MegaUpload Founder's Right To See Extradition Evidence Against Him Upheld
In the continuing saga of the US versus Kim Dotcom, founder of MegaUpload, the US has hit a significant setback in its attempts to extradite him to America in order to stand trial on charges of fraud, money laundering and of course, massive criminal copyright infringement.
Dotcom has repeatedly demanded that he should be allowed to see the evidence against him so that he can mount a proper defence against it at his extradition hearing next year. However, US prosecutors have done everything in their power to deny Dotcom the right see this evidence, claiming that no disclosure right exists. Now, since the power of America's extradition charges are only as strong as this evidence, it makes one wonder exactly how strong this evidence really is, otherwise what are they afraid of if Dotcom sees it? Unsurprisingly, Dotcom claims that there is little to no evidence supporting these charges.
The setback for the US comes in the form of New Zealand judge David Harvey's decision in May that Dotcom and his lawyers do indeed have a right to see the evidence against him - a decision that was upheld today. Judge Harvey ordered disclosure of all documents relating to the alleged crimes of the so-called MegaUpload Conspiracy. The judge wrote, "In my view there must be fairness and the hearing and balance must be struck, otherwise the record of case becomes dominant virtually to the exclusion of everything else and places the extradition process in danger of becoming an administrative one rather than judicial". Judge Harvey later stepped down after allegedly describing the United States as "the enemy".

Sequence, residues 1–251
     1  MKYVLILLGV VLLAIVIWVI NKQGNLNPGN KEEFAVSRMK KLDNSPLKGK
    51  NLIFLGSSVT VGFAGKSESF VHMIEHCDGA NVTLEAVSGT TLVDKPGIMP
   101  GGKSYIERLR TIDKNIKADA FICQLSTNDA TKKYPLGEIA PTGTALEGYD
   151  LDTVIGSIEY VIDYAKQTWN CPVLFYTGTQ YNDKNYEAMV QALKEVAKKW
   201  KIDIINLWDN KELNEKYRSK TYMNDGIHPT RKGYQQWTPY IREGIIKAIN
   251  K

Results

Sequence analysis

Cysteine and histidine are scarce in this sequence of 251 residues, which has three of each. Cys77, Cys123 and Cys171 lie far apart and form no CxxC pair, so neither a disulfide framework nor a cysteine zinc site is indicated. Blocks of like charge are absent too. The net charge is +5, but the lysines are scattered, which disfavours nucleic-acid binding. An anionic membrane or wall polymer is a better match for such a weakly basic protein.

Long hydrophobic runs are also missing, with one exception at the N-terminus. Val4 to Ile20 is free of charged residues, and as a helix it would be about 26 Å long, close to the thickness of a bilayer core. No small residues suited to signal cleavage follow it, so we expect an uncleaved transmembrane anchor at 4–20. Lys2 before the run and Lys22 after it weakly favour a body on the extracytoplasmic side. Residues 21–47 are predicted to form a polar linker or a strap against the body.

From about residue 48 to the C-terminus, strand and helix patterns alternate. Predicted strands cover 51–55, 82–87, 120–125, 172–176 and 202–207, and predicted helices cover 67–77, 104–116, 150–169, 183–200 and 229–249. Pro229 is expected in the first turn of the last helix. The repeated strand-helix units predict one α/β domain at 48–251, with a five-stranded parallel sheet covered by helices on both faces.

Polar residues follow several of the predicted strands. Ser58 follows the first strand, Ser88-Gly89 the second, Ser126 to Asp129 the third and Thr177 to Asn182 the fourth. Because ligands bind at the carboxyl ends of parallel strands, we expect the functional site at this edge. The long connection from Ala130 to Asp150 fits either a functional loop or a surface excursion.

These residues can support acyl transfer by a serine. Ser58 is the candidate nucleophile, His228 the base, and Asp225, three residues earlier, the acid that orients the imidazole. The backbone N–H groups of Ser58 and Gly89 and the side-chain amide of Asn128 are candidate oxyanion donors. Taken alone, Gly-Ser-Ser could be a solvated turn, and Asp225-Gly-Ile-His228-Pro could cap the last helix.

Refusing to concede defeat however, US prosecutors pushed for a judicial review of Judge Harvey's ruling, hoping to get it overturned. However, this was denied today, with the High Court upholding the earlier decision. Justice Helen Winkelmann dismissed the application for a judicial review, noting that without full disclosure of the evidence, Dotcom and his co-accused, Mathias Ortmann, Finn Batato and Bram van der Kolk, wouldn't be able to mount a proper defence at their extradition hearing. "Without disclosure [Kim Dotcom and associates] will be significantly constrained in [their] ability to participate in the hearing, and the requesting state will have a significant advantage in terms of access to information," the ruling reads.
This ruling marks a significant victory for Dotcom, his associates and their legal team. The hearing is due to be held sometime in early 2013.
The documents to be disclosed are significant in their scope, encompassing all elements of the case from the allegations of infringement, through to information being held on the nature of the Megaupload rewards program.
Posted by | Thu, Aug 16, 2012 - 04:26 PM